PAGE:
Executives from a number of US, European and Japanese contractors tell MEED that they are being outbid by firms from South Korea. In some cases, established EPC contractors say South Korean firms bid as much as 40 per cent lower than their best price for major deals.
MEED’s list of the top 10 EPC contractors by value of awards won for 2009-10 contains four South Korean firms, including the top three: GS Engineering & Construction won $4.9bn of work; SK Engineering and Construction won $4.3bn; and Samsung Engineering won $3.9bn of contracts. Overall, South Korean firms won $17.5bn of contracts aided by their success on big projects such as Adnoc subsidiary Abu Dhabi Oil Refining Company’s (Takreer’s) new $10bn refinery at Ruwais. Contractors from the Asian state won all the main EPC deals on the scheme.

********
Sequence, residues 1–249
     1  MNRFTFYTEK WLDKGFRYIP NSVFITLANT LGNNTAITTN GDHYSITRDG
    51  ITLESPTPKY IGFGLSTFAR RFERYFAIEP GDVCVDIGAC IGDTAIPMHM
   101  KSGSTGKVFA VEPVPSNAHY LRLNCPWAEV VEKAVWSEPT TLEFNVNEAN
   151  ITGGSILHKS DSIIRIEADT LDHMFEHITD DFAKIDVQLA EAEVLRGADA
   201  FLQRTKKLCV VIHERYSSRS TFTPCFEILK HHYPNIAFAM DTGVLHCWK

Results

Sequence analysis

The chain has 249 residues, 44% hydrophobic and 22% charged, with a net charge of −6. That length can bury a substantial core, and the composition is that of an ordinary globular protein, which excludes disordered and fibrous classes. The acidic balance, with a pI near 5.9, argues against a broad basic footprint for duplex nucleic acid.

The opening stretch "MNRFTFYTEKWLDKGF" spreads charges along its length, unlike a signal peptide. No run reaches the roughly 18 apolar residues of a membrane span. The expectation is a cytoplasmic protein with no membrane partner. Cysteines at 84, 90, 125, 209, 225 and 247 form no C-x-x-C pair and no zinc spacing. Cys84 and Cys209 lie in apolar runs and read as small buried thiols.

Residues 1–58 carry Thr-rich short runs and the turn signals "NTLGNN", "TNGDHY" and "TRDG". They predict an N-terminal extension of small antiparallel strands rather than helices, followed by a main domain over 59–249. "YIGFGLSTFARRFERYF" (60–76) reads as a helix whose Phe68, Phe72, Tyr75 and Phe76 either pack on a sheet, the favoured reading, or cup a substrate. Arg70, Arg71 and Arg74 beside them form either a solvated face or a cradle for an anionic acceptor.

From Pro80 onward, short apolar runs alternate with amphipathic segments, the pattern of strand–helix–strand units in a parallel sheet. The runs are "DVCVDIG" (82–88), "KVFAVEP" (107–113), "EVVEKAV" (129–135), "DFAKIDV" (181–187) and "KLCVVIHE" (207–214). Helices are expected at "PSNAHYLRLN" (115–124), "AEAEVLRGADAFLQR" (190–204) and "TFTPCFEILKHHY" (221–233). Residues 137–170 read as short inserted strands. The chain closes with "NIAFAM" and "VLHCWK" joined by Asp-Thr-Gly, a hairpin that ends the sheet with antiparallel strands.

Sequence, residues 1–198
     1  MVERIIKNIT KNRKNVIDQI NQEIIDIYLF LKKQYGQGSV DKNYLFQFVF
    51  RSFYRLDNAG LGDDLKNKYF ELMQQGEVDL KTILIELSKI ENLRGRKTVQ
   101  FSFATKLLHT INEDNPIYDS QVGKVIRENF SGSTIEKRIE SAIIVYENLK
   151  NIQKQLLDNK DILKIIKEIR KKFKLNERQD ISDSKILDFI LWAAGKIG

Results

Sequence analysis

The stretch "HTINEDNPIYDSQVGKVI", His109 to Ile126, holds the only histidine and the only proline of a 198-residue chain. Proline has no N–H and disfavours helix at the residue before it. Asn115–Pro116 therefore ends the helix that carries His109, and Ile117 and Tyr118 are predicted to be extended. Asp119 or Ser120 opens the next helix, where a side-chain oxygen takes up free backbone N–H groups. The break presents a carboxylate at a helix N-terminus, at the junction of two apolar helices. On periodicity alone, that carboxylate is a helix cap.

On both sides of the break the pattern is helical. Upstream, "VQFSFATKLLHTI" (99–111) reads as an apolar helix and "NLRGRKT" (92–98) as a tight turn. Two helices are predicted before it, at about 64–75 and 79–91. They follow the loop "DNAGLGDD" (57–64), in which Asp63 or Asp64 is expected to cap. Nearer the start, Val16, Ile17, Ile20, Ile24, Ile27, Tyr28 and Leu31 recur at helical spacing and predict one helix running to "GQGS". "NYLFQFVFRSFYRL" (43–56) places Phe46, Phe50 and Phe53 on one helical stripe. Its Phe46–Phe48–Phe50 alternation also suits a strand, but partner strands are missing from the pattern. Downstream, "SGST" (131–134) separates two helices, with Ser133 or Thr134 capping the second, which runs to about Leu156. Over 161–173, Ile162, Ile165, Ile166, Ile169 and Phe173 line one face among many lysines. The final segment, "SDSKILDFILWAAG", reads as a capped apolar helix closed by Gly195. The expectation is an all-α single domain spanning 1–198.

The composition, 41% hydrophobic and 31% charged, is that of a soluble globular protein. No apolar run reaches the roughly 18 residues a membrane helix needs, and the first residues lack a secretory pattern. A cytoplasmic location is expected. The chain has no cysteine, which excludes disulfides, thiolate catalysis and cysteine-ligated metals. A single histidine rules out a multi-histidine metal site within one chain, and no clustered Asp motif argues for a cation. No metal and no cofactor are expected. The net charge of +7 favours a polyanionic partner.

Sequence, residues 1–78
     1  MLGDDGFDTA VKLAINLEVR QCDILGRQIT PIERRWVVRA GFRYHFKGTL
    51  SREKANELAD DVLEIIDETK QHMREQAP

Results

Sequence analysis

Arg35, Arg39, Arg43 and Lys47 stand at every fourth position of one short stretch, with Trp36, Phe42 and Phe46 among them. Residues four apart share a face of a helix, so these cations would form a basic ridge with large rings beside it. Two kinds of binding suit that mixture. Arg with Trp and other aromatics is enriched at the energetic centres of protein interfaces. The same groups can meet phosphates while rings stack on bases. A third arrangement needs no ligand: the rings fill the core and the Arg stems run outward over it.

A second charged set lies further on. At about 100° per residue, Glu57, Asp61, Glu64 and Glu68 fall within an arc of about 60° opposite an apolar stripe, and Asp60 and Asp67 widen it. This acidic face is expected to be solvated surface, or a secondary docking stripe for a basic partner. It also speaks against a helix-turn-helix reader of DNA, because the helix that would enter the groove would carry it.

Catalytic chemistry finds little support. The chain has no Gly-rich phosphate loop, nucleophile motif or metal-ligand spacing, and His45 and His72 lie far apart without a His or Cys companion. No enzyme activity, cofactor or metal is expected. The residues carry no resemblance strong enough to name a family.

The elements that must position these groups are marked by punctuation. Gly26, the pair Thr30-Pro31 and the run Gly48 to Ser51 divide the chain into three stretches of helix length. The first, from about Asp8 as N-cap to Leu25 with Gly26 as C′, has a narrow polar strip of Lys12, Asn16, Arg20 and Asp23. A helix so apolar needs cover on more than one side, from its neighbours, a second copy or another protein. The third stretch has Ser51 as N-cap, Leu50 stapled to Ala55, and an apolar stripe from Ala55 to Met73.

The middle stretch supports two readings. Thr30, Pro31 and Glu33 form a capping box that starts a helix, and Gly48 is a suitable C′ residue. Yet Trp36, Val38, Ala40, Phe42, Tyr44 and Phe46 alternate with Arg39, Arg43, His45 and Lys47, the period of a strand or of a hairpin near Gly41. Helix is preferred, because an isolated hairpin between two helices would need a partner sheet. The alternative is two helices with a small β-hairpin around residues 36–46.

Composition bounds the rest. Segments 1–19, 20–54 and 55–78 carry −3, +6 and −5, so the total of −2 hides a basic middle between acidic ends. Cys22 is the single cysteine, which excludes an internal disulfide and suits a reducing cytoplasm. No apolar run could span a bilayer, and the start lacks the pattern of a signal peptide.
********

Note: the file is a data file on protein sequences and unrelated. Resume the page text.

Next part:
Bidding low helped the South Korean firms win contracts, but the high quality of their work has cemented their place in the region, says Kong Hong-Pyo, executive vice-president of overseas marketing at Samsung Engineering.
“In 2008, when resources were limited, we delivered five large-scale projects on-time in the Middle East and some even earlier than scheduled,” he says. “This established our reputation in the region and garnered respect and trust in our capabilities. Also, strengthening our competitiveness in terms of quality, cost and delivery helped us secure the largest market share of $8bn [total, across all sectors] in new orders in 2009.”